#245 Withnail & I
(1987, Bruce Robinson)
“We’ve gone on holiday by mistake!”
Part of British movie culture is the Withnail & I Drinking Game. For every drink one of the characters in the movie has, you must drink the same, with the only exception being lighter fluid, which can be substituted for rum or something. But while this is part of our culture, the question remains, is the movie itself any good?
Withnail & I is about two out-of-work actors, Withnail (Richard E Grant), a drugged-up alcoholic with an inflated sense of self-importance, and, uh, “I” (Paul McGann), whose name we never learn, but also seems to be a bit more level-headed. Frustrated by their squalid flat and poor job prospects, Withnail convinces his wealthy uncle Monty (Richard Griffiths) to lend them his country cottage for a weekend break, which isn’t as helpful to them as first expected.
Often considered a classic of British comedy, I went into Withnail & I expecting a lot. I actually felt like I’d been missing out having never seen the film before despite it being such a classic. And now I’ve seen it, I can definitely say…I really had been missing out.
I hate reviewing comedies, since generally if I find them hilarious, that’s the end of it as far as my opinion goes, and Withnail & I is absolutely hilarious. It features lead characters who are utterly useless and grotty as hell, but never once overplays this, and is played surprisingly calmly all things considered, and that’s probably the film’s greatest strength.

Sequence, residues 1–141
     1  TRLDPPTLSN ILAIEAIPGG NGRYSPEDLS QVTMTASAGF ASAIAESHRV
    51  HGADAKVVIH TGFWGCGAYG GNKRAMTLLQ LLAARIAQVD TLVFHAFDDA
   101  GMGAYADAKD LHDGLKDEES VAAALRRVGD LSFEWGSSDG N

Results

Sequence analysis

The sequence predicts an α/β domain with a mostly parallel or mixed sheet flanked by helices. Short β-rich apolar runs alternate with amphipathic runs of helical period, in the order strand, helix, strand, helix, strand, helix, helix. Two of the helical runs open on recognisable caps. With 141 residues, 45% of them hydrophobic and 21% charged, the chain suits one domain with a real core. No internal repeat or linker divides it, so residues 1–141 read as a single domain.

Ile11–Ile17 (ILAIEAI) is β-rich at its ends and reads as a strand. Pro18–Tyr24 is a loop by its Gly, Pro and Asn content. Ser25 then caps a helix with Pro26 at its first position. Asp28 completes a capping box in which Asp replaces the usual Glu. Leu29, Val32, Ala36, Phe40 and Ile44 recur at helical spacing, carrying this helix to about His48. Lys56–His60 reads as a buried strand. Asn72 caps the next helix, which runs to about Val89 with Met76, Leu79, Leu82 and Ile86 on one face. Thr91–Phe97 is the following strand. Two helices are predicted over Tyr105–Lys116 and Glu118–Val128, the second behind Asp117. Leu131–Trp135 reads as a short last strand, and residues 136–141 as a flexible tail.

Richard E Grant is the real star here, with his bumbling and drunken performance stealing the show. What’s impressive is how well Grant can maintain this spaced-out lazy slob of a man while keeping him charmingly well-spoken at all times. He might not be able to stop drinking or hang onto a pair of wellies, but he can pass for Shakespearian in his tone.
McGann is also fantastic, playing a much more level-headed character who spends most of his time exasperated by his friend’s actions. He’s the straight man to Grant’s funny man, and it’s a good dynamic. Not that McGann doesn’t have his fair share of comic moments, but overall his performance is the much more serious and subdued, and he does a great job.
The dialogue is also top-notch, with the conversations between the two being quick-witted with impeccable timing. I laughed out loud at Grant pleadingly delivering the quote at the top of the review, and the duo’s bafflement about how to kill and eat a live chicken is pure joy.
If I have any problem with Withnail & I, it’s the subplot about Monty, who is a repressed homosexual, preying on McGann’s character. While possibly fitting for the late 80s when the film was released, in today’s more liberal attitudes towards homosexuality, the whole sequence can feel a little uncomfortable and almost damaging.
But that’s about it. I struggle to explain exactly why I enjoyed Withnail beyond what I’ve stated, since I already stated I hate reviewing comedies, but needless to say this is a truly great comedy that has largely stood the test of time and deserves its classic status.
Starring Paul McGann & Richard E. Grant
Written by Bruce Robinson
Produced by Paul Heller
Music by David Dundas & Rick Wentworth
Cinematography by Peter Hannan
Edited by Alan Strachan
Favourite Scene: The perils of eating a chicken!
Scene That Bugged Me: Monty preying on McGann’s character was just unpleasant.
Watch it if: You want to see classic British comedy
Avoid it if: You’ve gone on holiday by mistake